- Switchover capability (business continuous/high availability; more labor intensive but cheaper)
- Location of backups (on-site, off-site or both)
- Backup media
- Magnetic tape is cheap but is very slow
- Storage area network technology which overcomes the need to restore data (only the systems will need to be restored or synchronized)
- Personnel to perform disaster recovery (internal vs. outsourced to a 3 rd party). ,,
| Hardware Security|| |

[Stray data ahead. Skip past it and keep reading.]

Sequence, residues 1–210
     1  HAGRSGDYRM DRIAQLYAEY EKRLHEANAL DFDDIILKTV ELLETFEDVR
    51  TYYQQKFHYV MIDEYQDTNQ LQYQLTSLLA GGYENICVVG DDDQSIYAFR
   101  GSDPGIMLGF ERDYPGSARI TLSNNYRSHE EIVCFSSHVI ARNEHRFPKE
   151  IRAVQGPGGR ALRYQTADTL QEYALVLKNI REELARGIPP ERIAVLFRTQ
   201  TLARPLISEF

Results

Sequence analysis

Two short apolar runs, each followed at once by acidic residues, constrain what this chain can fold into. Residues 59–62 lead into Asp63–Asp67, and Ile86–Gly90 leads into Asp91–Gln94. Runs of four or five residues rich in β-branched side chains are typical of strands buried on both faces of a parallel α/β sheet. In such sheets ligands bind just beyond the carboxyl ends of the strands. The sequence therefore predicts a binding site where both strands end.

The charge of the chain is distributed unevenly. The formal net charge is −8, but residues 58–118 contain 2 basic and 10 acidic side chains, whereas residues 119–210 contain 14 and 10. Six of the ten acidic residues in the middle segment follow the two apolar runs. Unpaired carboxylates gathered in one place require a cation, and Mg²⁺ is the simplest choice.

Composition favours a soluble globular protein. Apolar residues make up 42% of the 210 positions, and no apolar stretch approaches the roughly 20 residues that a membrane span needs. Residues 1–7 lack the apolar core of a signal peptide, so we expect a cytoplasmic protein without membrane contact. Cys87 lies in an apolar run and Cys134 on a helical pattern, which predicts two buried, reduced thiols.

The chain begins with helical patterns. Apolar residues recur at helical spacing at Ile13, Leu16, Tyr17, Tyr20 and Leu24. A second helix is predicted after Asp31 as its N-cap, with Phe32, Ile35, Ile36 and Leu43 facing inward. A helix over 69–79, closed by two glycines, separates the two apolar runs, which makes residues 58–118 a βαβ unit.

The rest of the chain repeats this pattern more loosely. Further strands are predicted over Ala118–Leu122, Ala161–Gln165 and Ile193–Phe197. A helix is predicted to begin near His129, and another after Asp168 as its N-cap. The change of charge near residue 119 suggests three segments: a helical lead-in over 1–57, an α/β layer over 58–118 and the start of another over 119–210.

These safeguards relate to protection of the actual physical systems used to manage and store patient data.  Physical access (facility access control) to an area where servers, terminals, and modems are stored must be controlled (e.g., access cards), and the area should be locked at all times. Only authorized individuals should have physical access to hospital servers, and a log with all employees who have entered this area should be maintained. Physical safety of computer servers is achieved by using appropriate computer room facilities not only with security access, but also with controlled humidity, temperature, and fire protection. In case of fire in the computer room, water-based fire extinguishers should not be used because they may damage delicate electronic equipment. Carbondioxide (CO 2 ) is a safer fire extinguisher agent because it displaces oxygen and cools the reaction without being conductive or leaving toxic or corrosive residues.  Older computer rooms may contain Halon extinguishers. While this gas does not damage electronics, it is a chlorofluorocarbon gas and is no longer being deployed because, like Freon, it can damage the ozone layer. Newer agents that replaced Halon, with a similar mode of action, that act by removing the heat from the fire and not damaging the Ozone layer, are clean halocarbon agents (including FM-200, FE-25 and FE-13), and inert gases (which suppress fire by lowering oxygen concentration below the combustion level). All these agents are currently approved by the National Fire Protection Association and have advantages and disadvantages. Clean agent halocarbons require decreased storage space and can extinguish fire much quicker than inert gases, while the later can be piped up for a longer distance to reach the data center, and may perform better in rooms that are not sealed. Very early smoke detection apparatus (VESDA) can be employed to help detect early smoke or combustion products.